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Resolving Failed Banks: Uncertainty, Multiple Bidding & Auction Design

Author

Listed:
  • Jason Allen
  • Robert Clark
  • Brent Hickman
  • Eric Richert

Abstract

Bank resolution is costly. In the United States, the Federal Deposit Insurance Corporation (FDIC) typically resolves failing banks by auction. If a bank is failing, healthy banks are encouraged to compete at auction to buy it. This results in a cash transfer from the FDIC to the buyer; the failing bank then continues under new ownership. The FDIC tries to minimize these transfers by holding competitive auctions. The main feature of these auctions is that they are scoring auctions. First, healthy banks place bids that can differ along multiple dimensions. These are scored based on their estimated costs. Second, to foster competition, bidders are encouraged to submit multiple bids, even though only one bid can win. This paper proposes a methodology for analyzing auction environments where bids are ranked according to multiple attributes but there is uncertainty about the scoring rule used to evaluate them. We use this framework to estimate the cost to the FDIC of having an opaque scoring rule. We find that the FDIC could reduce costs of resolution by around 17 percent by removing uncertainty.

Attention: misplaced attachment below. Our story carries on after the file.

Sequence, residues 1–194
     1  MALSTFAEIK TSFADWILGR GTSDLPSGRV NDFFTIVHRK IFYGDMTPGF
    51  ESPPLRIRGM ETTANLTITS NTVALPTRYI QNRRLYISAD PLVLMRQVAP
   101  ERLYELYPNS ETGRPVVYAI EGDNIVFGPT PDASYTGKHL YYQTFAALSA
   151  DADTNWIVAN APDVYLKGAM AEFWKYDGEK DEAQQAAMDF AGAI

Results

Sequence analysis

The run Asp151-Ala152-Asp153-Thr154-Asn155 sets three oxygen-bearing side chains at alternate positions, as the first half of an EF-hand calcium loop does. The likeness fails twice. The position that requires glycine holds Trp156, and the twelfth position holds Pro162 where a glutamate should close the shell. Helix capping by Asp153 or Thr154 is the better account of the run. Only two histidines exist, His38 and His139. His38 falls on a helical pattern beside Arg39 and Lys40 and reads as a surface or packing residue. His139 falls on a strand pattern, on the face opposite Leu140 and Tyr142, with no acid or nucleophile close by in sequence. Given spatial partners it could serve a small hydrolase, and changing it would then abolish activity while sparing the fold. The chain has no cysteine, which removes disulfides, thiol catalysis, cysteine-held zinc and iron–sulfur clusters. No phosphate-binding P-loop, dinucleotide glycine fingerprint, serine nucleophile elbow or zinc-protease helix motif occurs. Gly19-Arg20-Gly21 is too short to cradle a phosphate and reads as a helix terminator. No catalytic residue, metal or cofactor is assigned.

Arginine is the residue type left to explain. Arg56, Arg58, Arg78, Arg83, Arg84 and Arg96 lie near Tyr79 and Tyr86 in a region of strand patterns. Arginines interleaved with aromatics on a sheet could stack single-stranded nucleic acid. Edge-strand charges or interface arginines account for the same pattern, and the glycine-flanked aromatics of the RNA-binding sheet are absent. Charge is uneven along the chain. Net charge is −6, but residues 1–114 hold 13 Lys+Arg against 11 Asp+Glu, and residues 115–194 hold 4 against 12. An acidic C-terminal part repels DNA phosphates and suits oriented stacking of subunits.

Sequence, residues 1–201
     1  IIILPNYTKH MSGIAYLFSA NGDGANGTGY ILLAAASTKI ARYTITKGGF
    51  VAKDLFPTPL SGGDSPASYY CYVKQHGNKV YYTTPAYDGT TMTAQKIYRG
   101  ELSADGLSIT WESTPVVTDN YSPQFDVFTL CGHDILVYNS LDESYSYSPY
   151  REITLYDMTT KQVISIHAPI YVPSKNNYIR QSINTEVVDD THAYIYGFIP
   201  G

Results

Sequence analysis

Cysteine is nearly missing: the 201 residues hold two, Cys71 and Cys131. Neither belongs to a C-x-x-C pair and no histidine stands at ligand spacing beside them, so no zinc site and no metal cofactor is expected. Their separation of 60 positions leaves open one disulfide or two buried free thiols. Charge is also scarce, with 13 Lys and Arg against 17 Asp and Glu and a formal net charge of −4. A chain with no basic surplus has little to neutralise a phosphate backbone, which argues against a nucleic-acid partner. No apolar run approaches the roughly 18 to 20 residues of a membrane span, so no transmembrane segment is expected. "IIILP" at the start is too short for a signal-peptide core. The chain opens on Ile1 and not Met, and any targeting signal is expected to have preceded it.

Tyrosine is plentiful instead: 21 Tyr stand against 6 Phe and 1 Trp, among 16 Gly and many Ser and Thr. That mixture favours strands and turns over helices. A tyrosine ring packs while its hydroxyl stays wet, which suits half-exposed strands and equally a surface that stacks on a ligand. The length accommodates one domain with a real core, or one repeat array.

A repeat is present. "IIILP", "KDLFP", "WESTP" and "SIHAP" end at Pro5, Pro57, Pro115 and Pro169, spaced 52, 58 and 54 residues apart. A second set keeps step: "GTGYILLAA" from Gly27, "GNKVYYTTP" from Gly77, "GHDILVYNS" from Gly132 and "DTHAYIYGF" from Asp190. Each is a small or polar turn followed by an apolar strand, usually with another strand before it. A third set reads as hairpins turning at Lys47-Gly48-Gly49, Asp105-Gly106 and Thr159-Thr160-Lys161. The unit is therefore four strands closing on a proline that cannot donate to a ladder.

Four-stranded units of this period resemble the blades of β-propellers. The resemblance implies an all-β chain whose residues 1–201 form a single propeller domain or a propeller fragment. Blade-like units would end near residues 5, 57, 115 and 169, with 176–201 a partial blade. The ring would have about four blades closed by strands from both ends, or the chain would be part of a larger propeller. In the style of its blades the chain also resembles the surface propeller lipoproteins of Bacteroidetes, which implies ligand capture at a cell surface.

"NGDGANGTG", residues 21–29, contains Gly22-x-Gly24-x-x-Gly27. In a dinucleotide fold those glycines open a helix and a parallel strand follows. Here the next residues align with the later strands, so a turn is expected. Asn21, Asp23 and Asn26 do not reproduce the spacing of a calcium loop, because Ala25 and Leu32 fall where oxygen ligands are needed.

Suggested Citation

  • Jason Allen & Robert Clark & Brent Hickman & Eric Richert, 2019. "Resolving Failed Banks: Uncertainty, Multiple Bidding & Auction Design," Staff Working Papers 19-30, Bank of Canada.
  • Handle: RePEc:bca:bocawp:19-30
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    References listed on IDEAS

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    Keywords

    Econometric and statistical methods; Financial Institutions;

    JEL classification:

    • C57 - Mathematical and Quantitative Methods - - Econometric Modeling - - - Econometrics of Games and Auctions
    • D44 - Microeconomics - - Market Structure, Pricing, and Design - - - Auctions
    • G21 - Financial Economics - - Financial Institutions and Services - - - Banks; Other Depository Institutions; Micro Finance Institutions; Mortgages

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